What is marijuana (marihuana/cannabis)?
Marijuana (also called weed, pot, grass and many other terms) is a tobacco-like greenish or brownish material consisting of the dried flowering, fruiting tops and leaves of the cannabis plant, Cannabis sativa, the hemp plant.
What, in general, are the health effects from using marijuana?
When smoking marijuana the chemicals in the plant pass from the lungs into the blood vessels, which carry them throughout the body and to the brain. The immediate effects include euphoria and relaxation, changes in perception, time distortion, deficits in attention span and momentary body tremors, and impaired motor functioning. As Health Canada states “Using cannabis or any cannabis product can impair your concentration, your ability to think and make decisions, and your reaction time and coordination. This can affect your motor skills, including your ability to drive. It can also increase anxiety and cause panic attacks, and in some cases cause paranoia and hallucinations.”
These effects are delayed if marijuana is ingested, because the chemicals must first pass through the digestive system.
Users can have varying sensitivity to the effects of marijuana.
What are issues an employer should consider if marijuana is used for medical purposes?
In Canada, commercial production and distribution of marijuana for medical purposes is regulated under the Federal regulation - Access to Cannabis for Medical Purposes Regulations (SOR/2016-230).
As with the side effects from any prescribed or over-the-counter medication, employers should consider if there is a risk to the individual’s safety or the safety of others. For example, while under the influence of the medication:
- Does the person have the ability to perform the job or task safely (e.g., driving, operating machinery, use of sharp objects)?
- Is there an impact on cognitive ability or judgement?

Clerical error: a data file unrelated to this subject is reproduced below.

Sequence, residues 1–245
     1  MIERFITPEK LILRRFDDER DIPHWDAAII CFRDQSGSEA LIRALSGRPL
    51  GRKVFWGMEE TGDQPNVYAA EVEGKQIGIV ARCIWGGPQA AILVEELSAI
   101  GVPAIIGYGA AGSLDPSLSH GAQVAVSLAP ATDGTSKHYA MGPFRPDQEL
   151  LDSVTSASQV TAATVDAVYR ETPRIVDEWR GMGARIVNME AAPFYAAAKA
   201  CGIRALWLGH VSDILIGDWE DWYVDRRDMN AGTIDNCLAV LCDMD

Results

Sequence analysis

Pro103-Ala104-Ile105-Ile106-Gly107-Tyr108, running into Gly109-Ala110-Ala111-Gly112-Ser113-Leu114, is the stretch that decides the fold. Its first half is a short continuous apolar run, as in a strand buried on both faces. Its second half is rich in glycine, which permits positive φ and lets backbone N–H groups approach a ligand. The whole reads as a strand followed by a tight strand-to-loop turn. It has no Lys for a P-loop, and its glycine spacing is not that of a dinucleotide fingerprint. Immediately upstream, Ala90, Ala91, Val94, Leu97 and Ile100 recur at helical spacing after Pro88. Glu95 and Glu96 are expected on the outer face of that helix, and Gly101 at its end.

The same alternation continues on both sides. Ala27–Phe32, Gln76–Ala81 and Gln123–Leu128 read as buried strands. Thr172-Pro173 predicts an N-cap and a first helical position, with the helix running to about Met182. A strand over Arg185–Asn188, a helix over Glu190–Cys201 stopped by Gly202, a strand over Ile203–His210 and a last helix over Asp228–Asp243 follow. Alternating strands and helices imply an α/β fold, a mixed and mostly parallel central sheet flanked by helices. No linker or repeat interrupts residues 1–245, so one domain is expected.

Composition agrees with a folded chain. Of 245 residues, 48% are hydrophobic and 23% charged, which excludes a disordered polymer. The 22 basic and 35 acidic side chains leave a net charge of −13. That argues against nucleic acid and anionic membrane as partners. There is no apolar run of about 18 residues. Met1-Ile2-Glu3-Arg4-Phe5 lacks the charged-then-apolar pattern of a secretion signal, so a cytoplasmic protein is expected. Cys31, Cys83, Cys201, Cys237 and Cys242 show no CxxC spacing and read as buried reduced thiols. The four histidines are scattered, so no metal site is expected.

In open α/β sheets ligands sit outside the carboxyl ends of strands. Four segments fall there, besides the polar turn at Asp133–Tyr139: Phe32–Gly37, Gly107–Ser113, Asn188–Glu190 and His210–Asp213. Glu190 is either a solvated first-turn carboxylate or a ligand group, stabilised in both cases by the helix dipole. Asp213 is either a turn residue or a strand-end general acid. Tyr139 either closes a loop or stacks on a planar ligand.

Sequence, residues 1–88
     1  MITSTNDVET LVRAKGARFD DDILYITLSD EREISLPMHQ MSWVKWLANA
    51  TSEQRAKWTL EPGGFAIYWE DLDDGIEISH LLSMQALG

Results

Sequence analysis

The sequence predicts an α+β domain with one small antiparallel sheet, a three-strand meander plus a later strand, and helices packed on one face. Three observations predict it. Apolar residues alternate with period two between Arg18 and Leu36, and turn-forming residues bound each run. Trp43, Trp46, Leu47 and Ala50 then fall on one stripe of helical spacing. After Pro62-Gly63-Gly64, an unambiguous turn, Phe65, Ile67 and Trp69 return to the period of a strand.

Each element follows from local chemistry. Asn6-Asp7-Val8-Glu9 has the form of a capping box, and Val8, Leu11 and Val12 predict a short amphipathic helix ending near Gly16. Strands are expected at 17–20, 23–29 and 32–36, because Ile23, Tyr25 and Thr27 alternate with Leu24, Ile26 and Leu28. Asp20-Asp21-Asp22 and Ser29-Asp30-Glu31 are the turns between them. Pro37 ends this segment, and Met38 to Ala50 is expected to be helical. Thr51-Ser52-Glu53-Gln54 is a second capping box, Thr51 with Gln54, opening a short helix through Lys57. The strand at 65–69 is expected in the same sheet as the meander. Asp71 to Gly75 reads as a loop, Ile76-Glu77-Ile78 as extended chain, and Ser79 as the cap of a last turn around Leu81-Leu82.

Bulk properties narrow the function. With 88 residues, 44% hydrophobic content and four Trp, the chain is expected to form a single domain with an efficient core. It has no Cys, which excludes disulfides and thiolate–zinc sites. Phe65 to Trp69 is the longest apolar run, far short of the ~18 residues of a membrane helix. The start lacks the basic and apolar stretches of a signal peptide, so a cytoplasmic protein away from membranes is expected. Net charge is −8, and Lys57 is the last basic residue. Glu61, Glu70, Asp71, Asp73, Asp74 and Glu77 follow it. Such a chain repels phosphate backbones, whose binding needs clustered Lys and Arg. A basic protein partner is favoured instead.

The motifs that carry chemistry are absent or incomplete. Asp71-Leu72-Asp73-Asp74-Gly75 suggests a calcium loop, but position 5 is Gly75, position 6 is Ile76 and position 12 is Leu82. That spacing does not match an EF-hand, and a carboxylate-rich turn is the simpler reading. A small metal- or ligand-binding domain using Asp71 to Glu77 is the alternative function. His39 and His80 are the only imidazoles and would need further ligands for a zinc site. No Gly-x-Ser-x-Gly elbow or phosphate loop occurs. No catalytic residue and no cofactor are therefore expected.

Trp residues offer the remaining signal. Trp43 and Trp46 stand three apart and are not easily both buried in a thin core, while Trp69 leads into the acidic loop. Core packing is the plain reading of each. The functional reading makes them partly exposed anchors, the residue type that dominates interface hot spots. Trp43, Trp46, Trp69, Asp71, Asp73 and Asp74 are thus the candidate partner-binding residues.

- Are there other side effects of the medical condition or the treatment that need to be considered?
Because users can have varying sensitivity, each individual should be assessed on a case-by-case basis.
What should employees and employers do?
While it is not appropriate for the employer to ask for specific medical findings and diagnoses from the employee or their health professional, employees may wish to consider informing their employer if a medical procedure or treatment may impact their ability to perform their job safely. If the organization has a substance use/abuse policy, it may be necessary to disclose the use of marijuana for medical purposes.
Employers should review any workplace policies involving drug and alcohol use, in consultation with the health and safety committee and unions, as appropriate. The focus of the policy should be on “impairment” or “under the influence”, and the ability to do the work safely. Policies should be inclusive and consider any prescribed drug or substance that is used medically (or otherwise).
Note, however, that the use medical marijuana does not entitle an employee to be impaired at work, nor can the use of medical marijuana allow that employee to endanger their own safety or the safety of others.
Do employers have a duty to accommodate?
Yes. Employees can ask for accommodations due to their medical condition. For workplaces, the duty to accommodate is required by federal and provincial human rights legislation, and this right includes those who may use medical marijuana as part of their treatment for a condition. Employers have this duty to accommodate, up to the point of “undue hardship”.
The employee should be evaluated using “fit to work” procedures where the purpose is to determine if medically the employee can perform the job or task under the working conditions. Please see the “Fit to Work” OSH Answers document for more information.
Typically, the employee will visit a medical professional who will determine if the person is able to do that particular job. The medical professional may consider physical or mental abilities, sensory acuity, level of skill, functional limitations, etc. The medical professional will typically only report one of three conditions back to the employer:
- unfit, or
- fit subject to work modifications.
Employers are provided with the information needed to determine appropriate work, and can confirm the nature and duration of the work restrictions with the medical professional.
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Although every effort is made to ensure the accuracy, currency and completeness of the information, CCOHS does not guarantee, warrant, represent or undertake that the information provided is correct, accurate or current. CCOHS is not liable for any loss, claim, or demand arising directly or indirectly from any use or reliance upon the information.